Presentation on theme: "Taxes and Financial Innovation. Overview Basic tax features & security design Debt versus equity, revisited Options & put-call parity Monetizing a gain."— Presentation transcript:
Taxes and Financial Innovation
Overview Basic tax features & security design Debt versus equity, revisited Options & put-call parity Monetizing a gain
Basic Features of Income Timing –Realization (“wait-and-see”) –Accrual Character –Ordinary or capital –Dividend or interest Source (Foreign or Domestic)
Selective Realization & Tax Planning Lock-in effect –Time value of deferral Strategic trading –Hold winners, sell losers
Tax Rules as Inputs Portfolio design (or selection) –Tax arbitrage –Clienteles Security design –Same issues as portfolio design –Add new securities
Position Diagrams Debt vs. Equity Payoffs depend on the state of the world Simple 2-period model Equity has a different structure than debt
Economics Securities with returns that vary with performance are “equity” –Equity has flexibility Securities with relatively fixed payoffs are “debt” –Junior versus senior debt? –Junior debt versus preferred stock?
Taxation Debt –No tax on return of principal –No firm level tax; deductions on accrual –Investors taxed on accrual Equity –No tax on return of principal –Corporate tax –Investors taxed on dividends or capital gains
Security Design Create variable payoff securities that qualify as debt Convert relatively fixed payoff equity into being taxed as debt
Contingent Debt Contingent debt has variable payoffs –Floating interest rates (no big deal) –Commodity price based payoffs –Stock performance Index Another company Contingent interest or principal?
Taxation of Contingent Debt Control features matter Contingencies are important Original issue discount portion Settling up at the end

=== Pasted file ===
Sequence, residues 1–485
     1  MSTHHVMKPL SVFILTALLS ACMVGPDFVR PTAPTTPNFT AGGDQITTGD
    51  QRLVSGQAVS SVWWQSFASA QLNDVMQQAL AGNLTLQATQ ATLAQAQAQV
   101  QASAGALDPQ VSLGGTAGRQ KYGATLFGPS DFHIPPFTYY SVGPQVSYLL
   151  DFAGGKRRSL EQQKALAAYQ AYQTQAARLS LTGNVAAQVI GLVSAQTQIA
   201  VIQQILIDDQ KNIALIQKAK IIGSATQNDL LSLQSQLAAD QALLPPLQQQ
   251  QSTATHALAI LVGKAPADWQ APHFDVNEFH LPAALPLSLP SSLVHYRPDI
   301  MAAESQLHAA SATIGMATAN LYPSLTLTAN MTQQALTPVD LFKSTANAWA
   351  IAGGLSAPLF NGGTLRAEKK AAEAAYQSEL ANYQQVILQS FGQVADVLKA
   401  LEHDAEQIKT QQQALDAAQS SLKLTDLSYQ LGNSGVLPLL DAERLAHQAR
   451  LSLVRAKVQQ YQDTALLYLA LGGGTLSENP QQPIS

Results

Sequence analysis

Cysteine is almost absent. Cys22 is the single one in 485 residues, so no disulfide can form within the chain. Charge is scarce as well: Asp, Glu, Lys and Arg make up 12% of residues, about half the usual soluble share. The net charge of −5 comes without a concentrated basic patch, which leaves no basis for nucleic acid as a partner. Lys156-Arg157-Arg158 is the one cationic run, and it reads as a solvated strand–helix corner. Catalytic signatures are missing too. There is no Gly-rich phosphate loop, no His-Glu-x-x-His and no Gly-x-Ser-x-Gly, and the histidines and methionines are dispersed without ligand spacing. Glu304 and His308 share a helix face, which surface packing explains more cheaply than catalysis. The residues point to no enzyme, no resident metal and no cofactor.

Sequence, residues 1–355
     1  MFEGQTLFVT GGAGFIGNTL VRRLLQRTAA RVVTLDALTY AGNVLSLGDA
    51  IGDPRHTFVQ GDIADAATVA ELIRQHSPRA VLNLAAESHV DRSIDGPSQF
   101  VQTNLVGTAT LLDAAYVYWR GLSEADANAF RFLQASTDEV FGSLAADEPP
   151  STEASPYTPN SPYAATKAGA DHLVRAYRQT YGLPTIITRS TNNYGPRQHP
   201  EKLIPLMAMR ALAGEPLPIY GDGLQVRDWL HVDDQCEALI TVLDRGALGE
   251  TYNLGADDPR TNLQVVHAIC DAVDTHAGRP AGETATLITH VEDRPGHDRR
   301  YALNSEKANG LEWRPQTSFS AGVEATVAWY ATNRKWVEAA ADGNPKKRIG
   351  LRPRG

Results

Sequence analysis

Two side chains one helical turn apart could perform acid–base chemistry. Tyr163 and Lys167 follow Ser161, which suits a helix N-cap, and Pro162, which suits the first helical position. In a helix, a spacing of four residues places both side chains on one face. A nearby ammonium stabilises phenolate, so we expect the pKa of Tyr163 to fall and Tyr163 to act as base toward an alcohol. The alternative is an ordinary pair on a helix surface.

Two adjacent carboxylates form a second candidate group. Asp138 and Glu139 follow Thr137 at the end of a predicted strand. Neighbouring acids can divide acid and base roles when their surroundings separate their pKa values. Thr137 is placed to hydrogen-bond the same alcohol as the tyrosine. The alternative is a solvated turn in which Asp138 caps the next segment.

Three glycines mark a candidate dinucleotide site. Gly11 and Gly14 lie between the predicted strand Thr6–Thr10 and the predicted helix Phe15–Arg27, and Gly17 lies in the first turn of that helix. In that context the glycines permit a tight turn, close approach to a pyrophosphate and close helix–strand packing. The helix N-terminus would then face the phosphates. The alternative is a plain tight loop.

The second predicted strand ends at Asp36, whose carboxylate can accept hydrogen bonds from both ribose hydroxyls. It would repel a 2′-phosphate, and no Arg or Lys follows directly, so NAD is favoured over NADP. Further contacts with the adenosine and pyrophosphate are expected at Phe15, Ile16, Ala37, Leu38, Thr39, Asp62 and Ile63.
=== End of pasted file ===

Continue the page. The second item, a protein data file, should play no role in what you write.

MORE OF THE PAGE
Disney’s Participation Notes Minimum interest payment Revenue contingent payment “Penalties” for not making movies Cap on total payoff
Disney Notes Payoff diagram? Explain features of the contract? Tax advantage of the contract? –Alternative sources of funds?
Monthly Income Preferred Stock Trust preferred, etc. Converting “safe” equity into debt for tax purposes Add an intermediary between the firm and the investors
Non-Unique Cash Flows Position diagrams = options Derivatives = many copies Non-tax analysis Taxation
Assumptions for Options Common expiration date, T Common exercise price, k No early exercise Stock price, S Position diagrams of future cash flows (ignore sunk costs!) No transaction costs
Buying a Call
Writing a Call
Buying a Put
Selling a Put
Payoff to Lending
Payoff to Borrowing
Taxation of Options Recall from PS #2 Realization-based taxation Premium affects basis Often capital in character Avoids withholding taxes
Put-Call Parity What is the position diagram for owning a share, buying a put, and writing a call? Replicates lending Implications for no arbitrage asset pricing? Implications for option prices?
Share, Put and Short Call
Put-Call Parity & Taxation S + P - C = B Everything on the left is taxed on realization but the bond is taxed on accrual Same pre-tax cash flows; different taxes OOPS!
Routes around Realization Shorting-against-the-box –Investor shorts a stock already in portfolio –Borrows stock from broker –Eliminates “risk” –Until 1997, not deemed a realization event “Portfolio” of derivatives -- puts & calls
Monetizing a Gain Eli Broad has substantial SunAmerica stock Large capital gain Wants cash & possibly diversification Does not want to pay capital gains tax Solution: Strypes Structured yield product exchangable for common stock
Strypes Buyer pays $56, roughly the SunAmerica share price Buyer “receives” –Interest payments of 6.75% of $56 for 3 years –Value of SunAmerica if less than $76 OR $76 if share price > $76 –Does not receive the dividends
Decompose Strypes Buyer pays $56 for a portfolio of: –SunAmerica share (no voting rights) –Writes a 3-year call option, strike = $76 –“Swaps” dividend for 6.75% fixed interest At year 3, buyer must sell security Decomposition is not unique
Strypes: Issuer’s Perspective Retains voting control Might get interest deductions (corporate issuer might even get the DRD) Avoids (defers) tax on capital gain Retains upside potential Sheds downside risk